flex={ bool }                // Like flexCells above, but for a single cell.
  size={ string | number }     // Takes a fraction. e.g. 1/6
  palm={ string | number }     // Like size, but only for palm devices.*
  lap={ string | number }      // Like size, but only for lap devices.*
  portable={ string | number } // Like size, but only for ( palm + lap ) devices.*
  desk={ string | number }     // Like size, but only for desk devices.*
/>

* Ergonomic breakpoints accepts 'hidden' as well. This will prevent the
component from being rendered in that state.

See the example folder for more examples.

Responsive Props

The responsive props are based on ergonomics.

We've used these breakpoints in a variety of apps and grids with success. So far the following breakpoints have beeen implemented:

  • Palm
  • Lap
  • Portable
  • Desk

See the breakpoint config object for sizes.

Flexr Helpers

Use these to get the most out of Flexr. Especially findMatch is very useful when you need to add different behaviour based on window width outside of the grid/cell elements.

string|false findMatch(string arguments)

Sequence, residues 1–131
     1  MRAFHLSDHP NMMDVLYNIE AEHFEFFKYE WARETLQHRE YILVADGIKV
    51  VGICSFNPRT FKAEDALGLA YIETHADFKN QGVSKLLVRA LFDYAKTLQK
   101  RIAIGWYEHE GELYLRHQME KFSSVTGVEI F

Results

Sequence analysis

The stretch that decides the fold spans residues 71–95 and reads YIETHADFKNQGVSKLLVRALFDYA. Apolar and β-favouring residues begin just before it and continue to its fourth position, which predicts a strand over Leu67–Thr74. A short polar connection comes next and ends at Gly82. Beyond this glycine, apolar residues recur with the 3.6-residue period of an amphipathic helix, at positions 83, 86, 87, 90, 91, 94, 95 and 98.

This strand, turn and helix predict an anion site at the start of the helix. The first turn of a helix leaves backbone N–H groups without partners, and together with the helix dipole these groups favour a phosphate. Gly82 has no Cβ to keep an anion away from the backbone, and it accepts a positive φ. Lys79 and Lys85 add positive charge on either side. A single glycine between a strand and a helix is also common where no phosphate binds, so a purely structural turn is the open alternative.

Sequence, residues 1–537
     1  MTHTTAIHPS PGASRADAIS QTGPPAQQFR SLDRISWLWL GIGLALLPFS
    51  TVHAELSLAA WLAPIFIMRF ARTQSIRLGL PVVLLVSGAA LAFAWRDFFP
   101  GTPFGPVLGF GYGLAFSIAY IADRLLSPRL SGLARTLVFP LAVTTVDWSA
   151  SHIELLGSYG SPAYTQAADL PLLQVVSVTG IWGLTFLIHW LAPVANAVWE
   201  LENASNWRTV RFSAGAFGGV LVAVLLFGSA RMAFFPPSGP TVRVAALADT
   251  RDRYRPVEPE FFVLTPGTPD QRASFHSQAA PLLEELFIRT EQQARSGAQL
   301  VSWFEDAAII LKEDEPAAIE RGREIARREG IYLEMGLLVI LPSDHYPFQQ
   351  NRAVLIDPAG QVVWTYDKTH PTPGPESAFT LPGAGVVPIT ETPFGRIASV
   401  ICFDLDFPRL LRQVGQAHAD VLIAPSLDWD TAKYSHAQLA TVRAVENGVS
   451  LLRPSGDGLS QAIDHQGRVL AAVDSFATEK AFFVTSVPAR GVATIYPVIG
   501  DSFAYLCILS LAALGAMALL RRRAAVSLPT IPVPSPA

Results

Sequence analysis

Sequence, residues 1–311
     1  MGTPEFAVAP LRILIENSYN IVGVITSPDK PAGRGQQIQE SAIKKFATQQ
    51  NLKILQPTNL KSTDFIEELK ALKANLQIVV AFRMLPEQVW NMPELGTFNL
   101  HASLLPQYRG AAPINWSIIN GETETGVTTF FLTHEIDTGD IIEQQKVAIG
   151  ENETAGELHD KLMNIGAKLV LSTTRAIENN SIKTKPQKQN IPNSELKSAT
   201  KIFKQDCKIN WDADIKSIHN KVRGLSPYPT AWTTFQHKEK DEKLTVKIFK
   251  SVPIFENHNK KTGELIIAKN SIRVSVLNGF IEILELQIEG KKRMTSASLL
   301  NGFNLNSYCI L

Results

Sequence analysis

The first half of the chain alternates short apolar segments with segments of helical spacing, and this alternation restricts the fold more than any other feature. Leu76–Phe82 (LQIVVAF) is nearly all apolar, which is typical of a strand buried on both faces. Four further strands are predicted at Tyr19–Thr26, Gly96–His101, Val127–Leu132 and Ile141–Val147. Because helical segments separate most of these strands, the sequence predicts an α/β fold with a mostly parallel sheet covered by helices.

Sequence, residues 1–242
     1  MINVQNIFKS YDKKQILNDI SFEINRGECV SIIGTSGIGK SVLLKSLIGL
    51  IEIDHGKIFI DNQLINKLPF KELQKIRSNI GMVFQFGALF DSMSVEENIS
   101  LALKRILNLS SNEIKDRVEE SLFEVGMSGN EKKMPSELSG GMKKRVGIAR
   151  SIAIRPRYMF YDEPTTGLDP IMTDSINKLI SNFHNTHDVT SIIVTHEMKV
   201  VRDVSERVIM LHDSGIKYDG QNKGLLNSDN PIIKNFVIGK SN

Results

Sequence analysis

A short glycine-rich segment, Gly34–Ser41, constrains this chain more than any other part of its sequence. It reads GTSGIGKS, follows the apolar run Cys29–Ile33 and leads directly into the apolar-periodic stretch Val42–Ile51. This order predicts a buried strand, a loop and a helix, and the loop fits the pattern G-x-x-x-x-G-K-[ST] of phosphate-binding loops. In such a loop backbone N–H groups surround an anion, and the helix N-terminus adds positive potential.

This is the internal function that Flexr uses to check which ergonomic state
it's currently in. It's really useful if you have components outside the grid, that you
want to show/hide/manipulate passed properties or stuff in your lifecycle hooks.

The function accepts multipe ergonomic breakpoints as strings and returns the first one matched or false if nothing matches.

Example

import { findMatch } from 'react-flexr';
import React, { Component } from 'react';

class App extends Component {
  render() {
    const isPalm = findMatch('palm');

    if (isPalm) console.log( 'only logged in palm' );

    return (
      <div>
        <h1>Only visible in palm:</h1>
        { isPalm
          ? <h2>Palm</h2>
          : null }

        <h1>Allows Multiple Matches</h1>
        { findMatch('desk', 'lap')
          ? <h2>Lap or Desk</h2>
          : null }
      </div>
    );
  }
}

setBreakpoints( array breakpoints )

It's posible to force flexr to be in a specific ergonomic state. This is
primarily usefull when rendering on the server. E.g. looking at the user agent
string on rendering the app in palm/portable if it's an iOS/iPhone or
lap/portable if iOS/iPad.

Example